2nd Trooper to Sue Top Mass. State Police Brass Over Altered Report Allegations - NECN
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2nd Trooper to Sue Top Mass. State Police Brass Over Altered Report Allegations

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    2nd Trooper to File Lawsuit Against Mass. State Police

    Massachusetts State Police Col. Richard McKeon is under fire after being accused of conspiring with other top brass to alter of a police report.

    (Published Friday, Nov. 10, 2017)

    Colonel Richard McKeon of the Massachusetts State Police declined to answer questions Thursday as his organization finds itself in the middle of scandal.

    McKeon has been accused by one of his own troopers of conspiring with other top brass inside the state police force to alter a police report. Late Thursday night, NBC Boston learned a second trooper will now file a lawsuit against state police connected to the same scandal.

    Trooper Ali Rei will file the lawsuit Friday or Monday. She joins Trooper Ryan Sceviour, who says he was forced to remove embarrassing statements made by Alli Bibaud from a police report when she was arrested and charged with operating under the influence of alcohol.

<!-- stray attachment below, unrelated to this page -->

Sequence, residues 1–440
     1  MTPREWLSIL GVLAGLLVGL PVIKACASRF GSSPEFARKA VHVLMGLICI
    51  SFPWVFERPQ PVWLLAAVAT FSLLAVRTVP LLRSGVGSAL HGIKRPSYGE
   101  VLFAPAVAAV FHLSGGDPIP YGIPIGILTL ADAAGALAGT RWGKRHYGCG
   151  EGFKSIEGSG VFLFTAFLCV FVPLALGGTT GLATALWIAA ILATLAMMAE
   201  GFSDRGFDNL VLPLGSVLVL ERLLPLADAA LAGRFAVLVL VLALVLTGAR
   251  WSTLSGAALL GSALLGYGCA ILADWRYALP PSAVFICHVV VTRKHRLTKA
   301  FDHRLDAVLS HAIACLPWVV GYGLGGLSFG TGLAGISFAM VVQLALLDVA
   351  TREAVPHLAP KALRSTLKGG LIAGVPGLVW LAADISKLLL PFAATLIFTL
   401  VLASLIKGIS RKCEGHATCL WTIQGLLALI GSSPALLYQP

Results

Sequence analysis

"I think this investigation is important," said Gov. Charlie Baker. "I know we need to move quickly on it, we are, the allegations were serious."

    Alli Bibaud, the daughter of District Judge Tim Bibaud, offered sexual favors for leniency, according to the original report. Sceviour says he was ordered to delete that and other inappropriate remarks about sex acts and drugs.

    "This is a question of integrity," said Dana Pullman, president of the Massachusetts State Police Association. "And the trooper has it."

    Pullman says troopers have now lost faith in their command staff. And he disagrees with a state police spokesman who said this week that sensationalistic statements made by suspects can be removed from police reports.

    "It's a joke," said Pullman. "It's completely false. It doesn't make any sense to anybody in law enforcement."

    The trooper's attorney says he's issuing subpoenas for all involved to preserve all of their texts and emails, to see where the orders came from.

    "It won't take long to find out where this originated," said attorney Leonard Kesten.

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